This week’s lecture made me think about the anthropocentrism involved in even talking about the Anthropocene. We, humans, are discussing our impact on the natural world in this new geologic age characterized by human innovation and manipulation. The mere fact that the term Anthropocene has been coined reflects a human-centric view of the planet in recent years. (The definition of ‘recent’ is up for debate here.) The term also reflects the opinion that humans are the entity that has had the greatest impact on the Earth in recent times, discounting the innumerable other forms of life and processes of nature that have also been molding the world we live in.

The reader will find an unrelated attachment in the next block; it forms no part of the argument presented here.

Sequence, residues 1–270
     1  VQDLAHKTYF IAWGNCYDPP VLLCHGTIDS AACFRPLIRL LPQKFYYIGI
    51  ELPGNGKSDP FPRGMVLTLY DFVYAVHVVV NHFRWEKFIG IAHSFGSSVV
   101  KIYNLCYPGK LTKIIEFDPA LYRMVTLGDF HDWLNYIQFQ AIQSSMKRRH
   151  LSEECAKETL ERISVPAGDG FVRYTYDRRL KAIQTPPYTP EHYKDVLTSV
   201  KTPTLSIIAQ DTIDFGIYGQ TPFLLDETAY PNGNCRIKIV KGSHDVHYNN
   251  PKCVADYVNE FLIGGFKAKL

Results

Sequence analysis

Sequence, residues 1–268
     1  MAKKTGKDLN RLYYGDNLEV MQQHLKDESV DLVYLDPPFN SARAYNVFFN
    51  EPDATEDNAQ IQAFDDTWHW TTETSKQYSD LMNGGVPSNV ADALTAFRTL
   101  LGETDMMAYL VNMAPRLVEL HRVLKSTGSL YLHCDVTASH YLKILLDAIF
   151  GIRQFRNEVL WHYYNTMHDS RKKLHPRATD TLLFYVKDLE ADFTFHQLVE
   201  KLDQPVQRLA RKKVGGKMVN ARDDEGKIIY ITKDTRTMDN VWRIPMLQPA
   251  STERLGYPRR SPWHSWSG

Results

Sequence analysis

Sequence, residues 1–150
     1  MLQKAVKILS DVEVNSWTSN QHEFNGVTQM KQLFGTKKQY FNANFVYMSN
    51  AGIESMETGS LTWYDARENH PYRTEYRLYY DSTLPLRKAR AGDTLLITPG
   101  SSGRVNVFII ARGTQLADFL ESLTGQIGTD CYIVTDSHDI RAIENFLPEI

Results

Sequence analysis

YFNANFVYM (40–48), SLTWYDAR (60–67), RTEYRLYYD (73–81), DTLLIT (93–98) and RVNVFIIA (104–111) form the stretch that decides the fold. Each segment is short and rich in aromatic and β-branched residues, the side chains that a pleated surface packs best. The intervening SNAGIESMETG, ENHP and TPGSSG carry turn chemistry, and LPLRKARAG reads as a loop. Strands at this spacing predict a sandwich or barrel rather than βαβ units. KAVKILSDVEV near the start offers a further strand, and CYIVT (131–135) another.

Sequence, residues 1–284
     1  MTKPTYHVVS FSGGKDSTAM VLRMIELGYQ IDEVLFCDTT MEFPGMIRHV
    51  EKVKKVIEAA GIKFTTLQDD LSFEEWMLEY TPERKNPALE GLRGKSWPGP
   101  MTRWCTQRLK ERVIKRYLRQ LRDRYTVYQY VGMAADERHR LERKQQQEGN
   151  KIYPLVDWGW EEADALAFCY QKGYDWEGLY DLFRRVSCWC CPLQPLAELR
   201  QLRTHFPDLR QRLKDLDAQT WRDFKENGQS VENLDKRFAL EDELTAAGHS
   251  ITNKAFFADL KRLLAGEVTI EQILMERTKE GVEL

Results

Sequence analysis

Taking an anthropocentric view of the world is probably not ideal, but it is also probably the outlook most people unconsciously take. We are humans, and we have a tangible impact on the systems of nature through construction, pollution, and other means. However, as with most, if not all, areas of contemplation today, it is best to take an intersectional approach when discussing and studying the natural world. Considering the influence of nature in addition to the human impact, and also considering the ramifications of certain actions for organisms other than humans and for abiotic parts of the environment will lead to a more inclusive view of the planet today.